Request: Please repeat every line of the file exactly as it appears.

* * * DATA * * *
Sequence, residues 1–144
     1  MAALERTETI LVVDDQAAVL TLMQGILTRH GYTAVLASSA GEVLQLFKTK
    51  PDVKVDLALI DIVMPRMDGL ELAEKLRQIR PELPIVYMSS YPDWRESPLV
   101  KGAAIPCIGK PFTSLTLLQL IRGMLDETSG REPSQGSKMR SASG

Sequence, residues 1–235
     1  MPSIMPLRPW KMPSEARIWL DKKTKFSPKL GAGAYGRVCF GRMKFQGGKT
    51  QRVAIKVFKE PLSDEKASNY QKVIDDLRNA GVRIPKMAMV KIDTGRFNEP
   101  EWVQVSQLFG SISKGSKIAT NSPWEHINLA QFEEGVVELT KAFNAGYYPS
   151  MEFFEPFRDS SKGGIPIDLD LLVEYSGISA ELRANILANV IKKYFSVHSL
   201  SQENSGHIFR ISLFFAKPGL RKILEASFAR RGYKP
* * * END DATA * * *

Sequence, residues 1–144
     1  MAALERTETI LVVDDQAAVL TLMQGILTRH GYTAVLASSA GEVLQLFKTK
    51  PDVKVDLALI DIVMPRMDGL ELAEKLRQIR PELPIVYMSS YPDWRESPLV
   101  KGAAIPCIGK PFTSLTLLQL IRGMLDETSG REPSQGSKMR SASG

Sequence, residues 1–235
     1  MPSIMPLRPW KMPSEARIWL DKKTKFSPKL GAGAYGRVCF GRMKFQGGKT
    51  QRVAIKVFKE PLSDEKASNY QKVIDDLRNA GVRIPKMAMV KIDTGRFNEP
   101  EWVQVSQLFG SISKGSKIAT NSPWEHINLA QFEEGVVELT KAFNAGYYPS
   151  MEFFEPFRDS SKGGIPIDLD LLVEYSGISA ELRANILANV IKKYFSVHSL
   201  SQENSGHIFR ISLFFAKPGL RKILEASFAR RGYKP